From ritual to metaphor: The semantic shift in the concept of ‘victim' and medieval Christian piety

A study of the genealogy of the concept of victim (victima), originally an object of sacrifice [ritualistic meaning], reveals how it became a metaphorical label for a harmed party [figural meaning]. This article rejects the idea presented in earlier scholarship, that the figural meaning of victim (‘...

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Bibliographic Details
Main Author: Galona, Yevgen (Author)
Format: Electronic Article
Language:English
Published: 2018
In:Year: 2018, Volume: 24, Issue: 1, Pages: 83-98
Online Access: doi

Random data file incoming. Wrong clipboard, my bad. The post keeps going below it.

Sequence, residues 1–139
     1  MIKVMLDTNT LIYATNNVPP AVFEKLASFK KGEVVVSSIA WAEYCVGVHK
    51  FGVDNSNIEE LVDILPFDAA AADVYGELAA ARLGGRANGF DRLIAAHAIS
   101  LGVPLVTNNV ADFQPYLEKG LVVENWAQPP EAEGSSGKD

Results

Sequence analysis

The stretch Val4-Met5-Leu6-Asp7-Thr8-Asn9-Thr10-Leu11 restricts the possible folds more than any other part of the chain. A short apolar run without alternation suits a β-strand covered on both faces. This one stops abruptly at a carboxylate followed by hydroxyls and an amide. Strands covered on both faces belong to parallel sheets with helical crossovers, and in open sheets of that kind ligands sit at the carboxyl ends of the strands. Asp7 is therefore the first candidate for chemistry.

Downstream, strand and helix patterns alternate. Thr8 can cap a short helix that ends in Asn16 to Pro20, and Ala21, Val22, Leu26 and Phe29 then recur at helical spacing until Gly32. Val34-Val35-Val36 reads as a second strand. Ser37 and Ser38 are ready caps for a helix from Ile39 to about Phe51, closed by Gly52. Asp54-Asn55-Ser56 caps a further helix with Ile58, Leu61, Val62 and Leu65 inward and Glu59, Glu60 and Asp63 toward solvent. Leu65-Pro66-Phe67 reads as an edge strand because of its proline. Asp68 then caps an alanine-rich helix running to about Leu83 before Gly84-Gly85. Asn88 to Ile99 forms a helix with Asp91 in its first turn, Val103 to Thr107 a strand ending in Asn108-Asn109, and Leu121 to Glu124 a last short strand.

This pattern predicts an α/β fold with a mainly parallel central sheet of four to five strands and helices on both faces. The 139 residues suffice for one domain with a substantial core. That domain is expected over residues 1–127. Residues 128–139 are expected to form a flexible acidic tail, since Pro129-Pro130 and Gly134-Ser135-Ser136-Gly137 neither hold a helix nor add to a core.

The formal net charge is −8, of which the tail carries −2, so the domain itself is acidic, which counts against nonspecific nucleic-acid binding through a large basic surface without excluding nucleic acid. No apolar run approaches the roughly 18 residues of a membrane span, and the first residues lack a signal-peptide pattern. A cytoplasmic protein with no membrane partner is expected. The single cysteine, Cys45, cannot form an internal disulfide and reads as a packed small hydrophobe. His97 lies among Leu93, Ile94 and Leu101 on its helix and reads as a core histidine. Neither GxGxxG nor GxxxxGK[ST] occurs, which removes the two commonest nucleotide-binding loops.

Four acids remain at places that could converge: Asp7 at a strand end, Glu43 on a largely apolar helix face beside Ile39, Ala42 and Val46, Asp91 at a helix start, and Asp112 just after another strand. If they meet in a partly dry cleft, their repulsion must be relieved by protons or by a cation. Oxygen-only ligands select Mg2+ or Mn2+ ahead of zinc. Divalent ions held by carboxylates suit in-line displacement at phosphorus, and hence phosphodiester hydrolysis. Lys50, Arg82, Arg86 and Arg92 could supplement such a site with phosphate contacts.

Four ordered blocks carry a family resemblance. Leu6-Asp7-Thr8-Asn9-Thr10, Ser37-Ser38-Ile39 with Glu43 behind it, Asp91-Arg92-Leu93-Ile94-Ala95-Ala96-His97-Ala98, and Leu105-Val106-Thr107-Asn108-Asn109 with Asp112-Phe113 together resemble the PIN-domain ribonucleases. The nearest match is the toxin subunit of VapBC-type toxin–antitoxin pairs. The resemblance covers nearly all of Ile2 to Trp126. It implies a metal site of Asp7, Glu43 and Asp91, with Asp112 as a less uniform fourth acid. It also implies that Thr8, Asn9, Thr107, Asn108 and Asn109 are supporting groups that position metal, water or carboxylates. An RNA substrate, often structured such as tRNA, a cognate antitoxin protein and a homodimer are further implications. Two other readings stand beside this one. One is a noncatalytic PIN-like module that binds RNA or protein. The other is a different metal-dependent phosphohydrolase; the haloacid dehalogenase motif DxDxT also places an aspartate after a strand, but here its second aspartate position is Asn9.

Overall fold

Check availability: HBZ Gateway
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Summary:A study of the genealogy of the concept of victim (victima), originally an object of sacrifice [ritualistic meaning], reveals how it became a metaphorical label for a harmed party [figural meaning]. This article rejects the idea presented in earlier scholarship, that the figural meaning of victim (‘a harmed party') emerged through the interpretation of Christ's death in terms of sacrifice within Christian theology. It also seeks to demonstrate that it was not the initial representation of the Passion as a sacrifice that encouraged convergence between the meanings of victim, but rather changes in the presentation of the Crucifixion in late medieval piety. From the High Middle Ages, the marginal figural meaning gradually overcame the original religious one and by the 18th century it had become a primary sense that disconnected the victim from a ritualistic context.
DOI:10.1177/0269758017732923